Asia Trip – Part Two

September 3, 2008 by trooce · Leave a Comment 

It seems every time that I cross the border from Hong Kong to China, a customs agent gets flagged by the computer that I am a suspected criminal.  That is to say, someone by the name of “Wayne Chan” is a suspected criminal.

Each time I reach customs, they seem to go deeper and deeper into their computer files while repeatedly glancing up at my face to see if I’m a match for whichever mug shot they have on the screen.  All the while, my mind is flashing back nervously to every indiscretion I’ve ever had in my life and wondering if the jig was up.

Could they be after me for a dumpling I swiped off of my colleague’s all you can eat tray when I had only ordered a bowl of noodles?  Did the hotel clerk snitch on me for taking one too many toiletries?  Is it possible that they saw me buy that “Rolex” off a street vender in Hong Kong that was on sale for seven dollars?

China, despite all the economic reforms they’ve had over the last 20 years, is still after all, a communist country.  I have an irrational fear that if I don’t answer all their questions correctly, I’ll immediately be whisked off to some Mongolian labor camp.

My colleague, who is always with me when we cross the border (and seems amused by the whole situation), once observed that the longer a customs agent questions me, the more my voice changes.

At first, I start out speaking Chinese.  Once their questions get more pointed, I immediately revert to English.  Any further questions and my American accent becomes more pronounced. The more inquisitive they get, the more I sound like I was born and raised in California.  For some irrational reason, on a subconscious level I’ve concluded that they will assume Californians are never wanton criminals. I start using the words “dude” and “righteous” in my responses as much as possible.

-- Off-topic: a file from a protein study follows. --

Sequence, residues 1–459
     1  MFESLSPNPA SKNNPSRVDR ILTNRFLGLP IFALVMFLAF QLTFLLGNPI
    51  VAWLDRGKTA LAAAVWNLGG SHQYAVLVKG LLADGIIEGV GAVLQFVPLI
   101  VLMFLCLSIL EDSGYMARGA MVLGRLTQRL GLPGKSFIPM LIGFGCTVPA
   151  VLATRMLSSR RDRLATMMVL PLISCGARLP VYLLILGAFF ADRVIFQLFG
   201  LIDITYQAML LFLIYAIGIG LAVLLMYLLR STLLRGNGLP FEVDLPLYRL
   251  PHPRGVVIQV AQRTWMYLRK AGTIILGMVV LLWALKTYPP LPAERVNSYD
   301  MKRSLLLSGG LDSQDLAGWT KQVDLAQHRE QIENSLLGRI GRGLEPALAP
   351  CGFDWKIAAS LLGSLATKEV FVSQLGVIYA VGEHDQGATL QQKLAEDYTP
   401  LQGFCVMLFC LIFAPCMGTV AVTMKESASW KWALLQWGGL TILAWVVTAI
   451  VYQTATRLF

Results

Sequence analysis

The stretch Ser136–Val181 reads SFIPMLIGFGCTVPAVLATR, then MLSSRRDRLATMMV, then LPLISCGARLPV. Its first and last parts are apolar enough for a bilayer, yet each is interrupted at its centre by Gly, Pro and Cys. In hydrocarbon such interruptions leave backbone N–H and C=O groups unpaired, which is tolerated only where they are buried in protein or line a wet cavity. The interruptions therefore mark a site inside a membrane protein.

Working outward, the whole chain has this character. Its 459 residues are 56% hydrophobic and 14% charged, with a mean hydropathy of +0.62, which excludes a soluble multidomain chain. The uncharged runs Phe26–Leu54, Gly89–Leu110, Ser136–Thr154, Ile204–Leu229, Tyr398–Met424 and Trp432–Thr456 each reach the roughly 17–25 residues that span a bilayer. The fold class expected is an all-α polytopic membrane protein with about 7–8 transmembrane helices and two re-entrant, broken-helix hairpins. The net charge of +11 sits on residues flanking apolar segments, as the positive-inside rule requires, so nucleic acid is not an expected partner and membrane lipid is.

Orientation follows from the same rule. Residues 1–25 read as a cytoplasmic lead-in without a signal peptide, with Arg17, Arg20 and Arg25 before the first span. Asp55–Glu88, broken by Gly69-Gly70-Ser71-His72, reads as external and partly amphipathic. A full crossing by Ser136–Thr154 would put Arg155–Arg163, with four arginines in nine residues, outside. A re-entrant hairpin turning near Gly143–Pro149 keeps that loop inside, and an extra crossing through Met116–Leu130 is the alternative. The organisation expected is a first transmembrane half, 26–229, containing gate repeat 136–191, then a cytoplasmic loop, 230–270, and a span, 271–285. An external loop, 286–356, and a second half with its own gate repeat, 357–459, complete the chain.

By the end of the screening, I’ve become a professional surfer, spouting phrases like, “Dude!  I’m like toootally here for a righteous business convention dude!”

Do they really think a dangerous criminal would try to get through customs sounding like that while wearing running shorts and a Daffy Duck T-shirt?

Of course, this latest trip added another component to the customs process – the SARS inspection.

While the SARS outbreak was apparently completely under control by the time of my visit, government officials were still very diligent in monitoring each person as they passed the customs counter, ready to detain anyone with any telltale symptoms.  I became acutely aware of my desire to contain any impulse I might have to sneeze at that particular moment.

If I did, I suppose I could say, “My bad, dude.  I like toootally have a case of the hay fever, dude.

Watch Your Language; It May Save You (Asia Trip – Part One)

September 3, 2008 by trooce · Leave a Comment 

In order to give my current business trip to Asia the attention it deserves, this report will be the first in a two-part series chronicling my travels. Mostly though, I just like using the words, “Two-part series” and “chronicling”.

First, a word about my credentials as a traveler to Asia – I don’t really have any.  Actually, I speak enough Chinese to help get me by when I’m traveling through China, Taiwan, Hong Kong, and when I’m shopping at the 99 Supermarket in Kearny Mesa.